The probation violation that landed Country in jail stemmed from the barriers he faced being homeless. “His homelessness and the things that arise from that — a lack of connection to mental health medication and social support — hurt his ability to fulfill his probation obligations,” Bill said. “Country’s probation officer also really understood the challenges he was facing,” he noted. “He knew this was a larger systemic issue that they didn’t have an answer for, and it’s really playing a factor in why he’s not being compliant. He understood the value of collaborating with us and was willing to be a vocal proponent for him.”

Still, Country faced the strong likelihood of being sent to prison for the remainder of his sentence. Our care team worked closely with Country’s public defender to ask the judge and prosecutor for additional time before a prison transfer so that Country could apply for a Housing First voucher. They also requested that the court consider removing the probation violation from his record if his housing was approved. The court agreed to the proposal.

Soon after, the care team helped Country access his mental health medications. With the countdown for sentencing put on hold, the focus was now on meeting the overwhelming documentation requirements for applying to Housing First. Because Country lacked a photo ID to apply for housing and other services, the care team worked with the Camden County jail to create a jail re-entry ID for him. To provide evidence of his long history of homelessness, the team researched his medical records, interviewed him and his probation officer, and compiled news articles of interviews he gave to reporters while living in Tent City. Letters of support from the Coalition and his probation officer and public defender were also included.

“We were showing that other parties in the system were acknowledging that they see housing as a key component for Country’s success,” said Bill. “If we can connect him to Housing First, he would not be sent to prison. He would thrive.”

The advocacy paid off. Three weeks after his application was submitted, he received a voucher from the New Jersey Department of Community Affairs for permanent affordable housing. Country became the first Camden Coalition program participant to be approved for Housing First while actively incarcerated. He was released on probation.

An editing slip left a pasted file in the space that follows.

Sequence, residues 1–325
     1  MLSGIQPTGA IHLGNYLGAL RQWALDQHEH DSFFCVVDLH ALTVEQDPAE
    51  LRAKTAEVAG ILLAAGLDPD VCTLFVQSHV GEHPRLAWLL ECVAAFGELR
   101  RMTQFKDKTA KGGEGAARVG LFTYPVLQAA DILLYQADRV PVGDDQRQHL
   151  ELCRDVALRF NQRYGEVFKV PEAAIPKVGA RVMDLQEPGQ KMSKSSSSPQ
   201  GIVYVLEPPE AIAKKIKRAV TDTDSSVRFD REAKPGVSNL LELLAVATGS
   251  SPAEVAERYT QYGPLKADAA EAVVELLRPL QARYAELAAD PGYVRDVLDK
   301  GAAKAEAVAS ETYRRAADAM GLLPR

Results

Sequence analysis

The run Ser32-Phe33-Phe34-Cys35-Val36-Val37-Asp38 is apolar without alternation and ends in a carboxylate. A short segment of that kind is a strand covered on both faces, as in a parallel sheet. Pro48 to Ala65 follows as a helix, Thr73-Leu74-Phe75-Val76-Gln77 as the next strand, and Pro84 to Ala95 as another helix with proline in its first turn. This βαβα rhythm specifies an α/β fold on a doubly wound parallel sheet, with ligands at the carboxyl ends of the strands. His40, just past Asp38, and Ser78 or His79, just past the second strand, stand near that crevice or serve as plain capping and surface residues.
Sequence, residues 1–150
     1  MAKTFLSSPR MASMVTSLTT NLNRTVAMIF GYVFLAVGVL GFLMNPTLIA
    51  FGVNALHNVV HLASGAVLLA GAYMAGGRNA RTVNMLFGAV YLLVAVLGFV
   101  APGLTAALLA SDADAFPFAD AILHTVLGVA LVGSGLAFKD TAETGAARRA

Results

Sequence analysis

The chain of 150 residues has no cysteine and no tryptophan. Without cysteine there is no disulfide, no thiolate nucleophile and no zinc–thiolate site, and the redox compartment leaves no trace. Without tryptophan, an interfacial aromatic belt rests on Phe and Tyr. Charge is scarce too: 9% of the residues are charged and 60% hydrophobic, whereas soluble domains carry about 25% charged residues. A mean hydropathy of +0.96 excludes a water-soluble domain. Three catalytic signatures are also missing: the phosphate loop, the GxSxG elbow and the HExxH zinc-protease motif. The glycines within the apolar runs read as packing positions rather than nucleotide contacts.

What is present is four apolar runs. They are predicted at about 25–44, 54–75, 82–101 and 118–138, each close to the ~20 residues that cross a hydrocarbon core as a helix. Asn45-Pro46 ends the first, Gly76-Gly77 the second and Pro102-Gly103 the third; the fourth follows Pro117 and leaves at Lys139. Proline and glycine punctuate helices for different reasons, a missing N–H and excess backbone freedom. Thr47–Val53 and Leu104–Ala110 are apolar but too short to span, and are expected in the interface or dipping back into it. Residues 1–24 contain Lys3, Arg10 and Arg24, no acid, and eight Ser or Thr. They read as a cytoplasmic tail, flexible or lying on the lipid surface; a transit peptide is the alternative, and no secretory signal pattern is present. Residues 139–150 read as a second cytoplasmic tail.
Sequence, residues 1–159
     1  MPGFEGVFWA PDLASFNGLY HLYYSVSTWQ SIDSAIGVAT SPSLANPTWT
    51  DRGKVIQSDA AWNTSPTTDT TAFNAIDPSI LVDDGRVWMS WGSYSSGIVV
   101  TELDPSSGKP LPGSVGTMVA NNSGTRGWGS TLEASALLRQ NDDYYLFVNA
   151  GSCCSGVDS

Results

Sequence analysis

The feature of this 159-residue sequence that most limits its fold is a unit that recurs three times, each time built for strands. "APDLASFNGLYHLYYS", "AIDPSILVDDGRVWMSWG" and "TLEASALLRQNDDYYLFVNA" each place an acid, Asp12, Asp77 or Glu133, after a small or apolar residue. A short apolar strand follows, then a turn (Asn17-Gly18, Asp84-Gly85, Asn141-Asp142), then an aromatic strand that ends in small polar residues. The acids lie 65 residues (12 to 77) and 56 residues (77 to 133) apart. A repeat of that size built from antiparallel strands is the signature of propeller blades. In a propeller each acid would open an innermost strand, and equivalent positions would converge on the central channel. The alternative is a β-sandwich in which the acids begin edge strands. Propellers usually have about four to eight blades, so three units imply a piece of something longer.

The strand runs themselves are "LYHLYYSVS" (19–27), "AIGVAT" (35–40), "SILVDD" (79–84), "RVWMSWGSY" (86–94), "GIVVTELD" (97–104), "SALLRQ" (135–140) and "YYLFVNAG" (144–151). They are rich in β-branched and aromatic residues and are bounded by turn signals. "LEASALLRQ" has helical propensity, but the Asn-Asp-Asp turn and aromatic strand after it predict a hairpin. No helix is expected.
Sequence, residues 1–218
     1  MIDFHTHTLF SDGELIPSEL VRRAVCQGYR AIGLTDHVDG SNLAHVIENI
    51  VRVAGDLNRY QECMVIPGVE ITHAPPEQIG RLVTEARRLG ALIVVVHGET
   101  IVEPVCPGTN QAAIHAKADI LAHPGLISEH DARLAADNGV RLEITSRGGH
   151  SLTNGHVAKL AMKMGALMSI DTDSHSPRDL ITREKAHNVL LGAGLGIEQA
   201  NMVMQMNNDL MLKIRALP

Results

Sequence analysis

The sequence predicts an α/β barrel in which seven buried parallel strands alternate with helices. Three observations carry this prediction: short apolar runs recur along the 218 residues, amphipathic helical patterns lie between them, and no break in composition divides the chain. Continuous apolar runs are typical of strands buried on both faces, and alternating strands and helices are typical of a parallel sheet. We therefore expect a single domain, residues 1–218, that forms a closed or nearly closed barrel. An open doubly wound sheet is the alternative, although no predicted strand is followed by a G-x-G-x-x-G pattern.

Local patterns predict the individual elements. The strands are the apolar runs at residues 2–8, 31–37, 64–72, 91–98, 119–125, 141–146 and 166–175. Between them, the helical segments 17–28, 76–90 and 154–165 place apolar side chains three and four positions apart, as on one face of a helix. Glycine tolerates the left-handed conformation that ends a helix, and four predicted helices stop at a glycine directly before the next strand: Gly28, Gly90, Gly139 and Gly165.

Fortunately for Camden residents like Country who are returning from jail, their clinical health data from Camden County jail is now shared with the Camden Coalition Health Information Exchange. This makes it possible for Camden healthcare and social service providers to access critical health information from inside the jail — and to provide better, more efficient care for returning citizens so they can lead healthier lives. Upon his release, the team linked Country to the right services to help him rebuild his life. That included connecting him to a primary care provider who was able to get a fuller picture of Country’s medical history, and to mental health and addiction treatment services at Rutgers University Behavioral Health Care. Interim housing and transportation for probation and medical appointments were also arranged for him by the team.

While the judge kept Country’s probationary status, she recognized his hard work and progress in improving his health, and moved to dismiss his probation violation.

“I’m trying to be a voice”

Six weeks since moving in, Country says he can already feel the effects of his new home on his health and wellness. He has a place to meditate in peace, enjoys fixing his own meals and eating healthier, and says that his blood pressure remains stable. “I haven’t used my asthma pump not once, and I cut down on my smoking,” he said. “Fresh air, it makes a difference too, as opposed to sleeping on the side of the highway with all the fumes.” He is also better able to manage his chronic pain. “I’m able to get in the shower now, instead of self-medicating to get to where I had to get to. The hot water helps, and I got some ointment to rub on my back, shoulder, and knees. If I was outside, I couldn’t put that on because I would catch cold.”

These days, Country continues to work on his goals with the support of our care team. One of those goals is pursuing his passion for community advocacy — an interest he’s had since his days as assistant mayor of Tent City. In September, he and two other Camden Coalition program participants rallied in Trenton with residents from across New Jersey to support a bill expanding access to driver’s licenses to more residents. A few weeks later, he was invited to share his story about his mental health struggles and journey toward recovery and wellness with the Camden Coalition’s Community Advisory Council.

“I’m trying to be a voice for those people who are going through what I’ve been through, and those people who have been through it and still don’t see any hope. But there’s always hope,” he said at the meeting.